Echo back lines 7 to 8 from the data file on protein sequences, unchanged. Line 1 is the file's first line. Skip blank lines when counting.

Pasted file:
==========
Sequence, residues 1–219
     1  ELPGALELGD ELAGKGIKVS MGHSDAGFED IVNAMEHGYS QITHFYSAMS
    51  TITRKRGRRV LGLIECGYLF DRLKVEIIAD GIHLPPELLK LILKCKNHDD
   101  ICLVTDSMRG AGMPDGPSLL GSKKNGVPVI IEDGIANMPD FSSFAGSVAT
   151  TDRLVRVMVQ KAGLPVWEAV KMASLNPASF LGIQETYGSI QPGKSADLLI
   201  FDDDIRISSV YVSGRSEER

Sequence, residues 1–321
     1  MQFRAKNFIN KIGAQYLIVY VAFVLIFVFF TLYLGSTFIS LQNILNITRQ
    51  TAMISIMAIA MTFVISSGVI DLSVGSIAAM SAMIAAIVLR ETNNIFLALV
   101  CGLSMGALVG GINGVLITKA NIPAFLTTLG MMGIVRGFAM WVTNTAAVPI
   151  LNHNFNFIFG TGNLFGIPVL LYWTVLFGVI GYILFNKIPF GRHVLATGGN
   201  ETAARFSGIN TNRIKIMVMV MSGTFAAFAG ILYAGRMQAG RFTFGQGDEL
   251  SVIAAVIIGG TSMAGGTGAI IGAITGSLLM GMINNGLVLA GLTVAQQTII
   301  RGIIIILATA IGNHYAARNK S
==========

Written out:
Sequence, residues 1–321
     1  MQFRAKNFIN KIGAQYLIVY VAFVLIFVFF TLYLGSTFIS LQNILNITRQ